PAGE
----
TOKYO: Prime Minister Shinzo Abe was getting down to a second consecutive term in office on Monday after a thumping election win, with analysts warning he needed to make good on his promise to fix
His ruling Liberal Democratic Party (LDP) and its junior partner Komeito swept the ballot on Sunday, with an unassailable two-thirds majority in the lower house of parliament, giving them the power to override the upper chamber.
The coalition won a combined 326 of the 475 seats, crushing the main opposition Democratic Party of Japan, whose slightly improved tally of 73 did not include its leader. Reports said Banri Kaieda would resign as head of the Democratic Party of Japan later Monday.
Abe, 60, is expected to reappoint exactly the same cabinet after he is formally named prime minister again by the lower house on December 24.
Speaking as the scale of his victory became apparent, Abe signalled he would look to realising conservative dreams like revamping the pacifist constitution and urging a more sympathetic view of Japan’s warring past.
“A revision of the constitution is the LDP’s long-cherished wish,” Abe told an interviewer on Sunday.
“I want to make an effort to enhance the public’s understanding of the need for revision,” he said.
Shinichi Nishikawa, professor of politics at Meiji University in Tokyo, said: “Prime Minister Abe can focus on whatever he wants to do, including changing the constitution. It appears that no one can stop him.”
Abe stormed to power in 2012 on a promise of competence and a pledge to revive the animal spirits of Japan’s flagging economy.
His signature “Abenomics” plan was sketched out as a three-pronged strategy involving monetary easing, government spending and structural reforms to cut the red tape that binds the economy.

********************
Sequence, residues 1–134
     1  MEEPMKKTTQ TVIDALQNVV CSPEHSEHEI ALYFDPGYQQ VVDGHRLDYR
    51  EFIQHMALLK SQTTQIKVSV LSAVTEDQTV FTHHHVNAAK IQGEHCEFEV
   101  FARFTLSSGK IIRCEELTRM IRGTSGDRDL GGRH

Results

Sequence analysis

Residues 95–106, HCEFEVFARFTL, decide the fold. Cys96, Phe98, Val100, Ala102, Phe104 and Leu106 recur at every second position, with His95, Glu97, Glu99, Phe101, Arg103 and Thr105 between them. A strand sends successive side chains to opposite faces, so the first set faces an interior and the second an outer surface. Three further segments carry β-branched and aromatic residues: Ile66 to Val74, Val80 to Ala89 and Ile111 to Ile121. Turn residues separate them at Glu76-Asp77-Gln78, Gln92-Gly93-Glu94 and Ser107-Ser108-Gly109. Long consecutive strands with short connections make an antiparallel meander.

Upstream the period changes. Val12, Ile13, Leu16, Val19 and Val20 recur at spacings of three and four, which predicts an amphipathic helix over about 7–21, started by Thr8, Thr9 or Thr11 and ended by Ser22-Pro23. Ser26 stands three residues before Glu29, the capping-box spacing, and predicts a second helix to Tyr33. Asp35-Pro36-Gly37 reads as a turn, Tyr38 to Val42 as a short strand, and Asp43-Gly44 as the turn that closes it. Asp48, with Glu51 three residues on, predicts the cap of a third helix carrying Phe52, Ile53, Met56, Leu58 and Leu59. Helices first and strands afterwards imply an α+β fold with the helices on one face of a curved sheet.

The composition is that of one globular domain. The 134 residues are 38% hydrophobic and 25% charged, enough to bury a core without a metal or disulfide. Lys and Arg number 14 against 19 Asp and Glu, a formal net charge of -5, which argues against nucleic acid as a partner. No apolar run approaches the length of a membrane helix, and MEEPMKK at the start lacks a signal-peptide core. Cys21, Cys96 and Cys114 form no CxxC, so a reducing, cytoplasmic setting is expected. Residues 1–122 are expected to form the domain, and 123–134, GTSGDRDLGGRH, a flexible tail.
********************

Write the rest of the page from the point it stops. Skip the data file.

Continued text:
The printing presses at the Bank of Japan have run hot ever since, pushing the value of the yen down—to the delight of exporters—and giving the stock market a huge boost, as stimulus programmes have provided an economic shot in the arm.
But Abe has shied away from the tough reforms that economists say are vital if Japan is to get back on a firm footing—employment deregulation and tackling the entrenched interests of the agriculture lobby.
The prime minister, who had billed the election as a referendum on Abenomics, pledged Sunday to continue his focus on the economy, which he said would remain his “top priority.”
“The economy will pick up without a doubt if we continue the current policies,” he said.
Commentators said he would be wise to cleave to that promise.
“The election result is an endorsement of the past, not the future,” said Hideo Kumano, chief economist at Dai-ichi Life Research institute.
“From now on, he has to show results in line with his promises,” Kumano said. “If he fails to improve the economy, his political capital will be reduced easily. A crucial phase is still ahead.”
The Mainichi Shimbun, a daily, was among the voices noting that the record low turnout of around 52 percent, diminished Abe’s claim to a free hand.
On the diplomatic front, the election victory may temper frayed relations with China, who now know they have to continue dealing with a man they have painted as a dangerous revisionist.
Relations began to thaw last month with a summit after more than two years of chill, which Beijing blamed on Abe’s provocative nationalism, including a visit to a war shrine and equivocations on Japan’s wartime record of enslaving women for sex.
Masaru Kohno, a politics professor at Waseda University in Tokyo, said despite his professed desire to retell the history of Japan’s aggressive warring—an instinct largely unshared by the Japanese public—Abe would be pragmatic.
“Many of the issues Japan is facing such as depopulation and women’s advancement should be resolved with liberal policies,” he said.
“I don’t think the election result will herald another era of conservative politics in Japan.”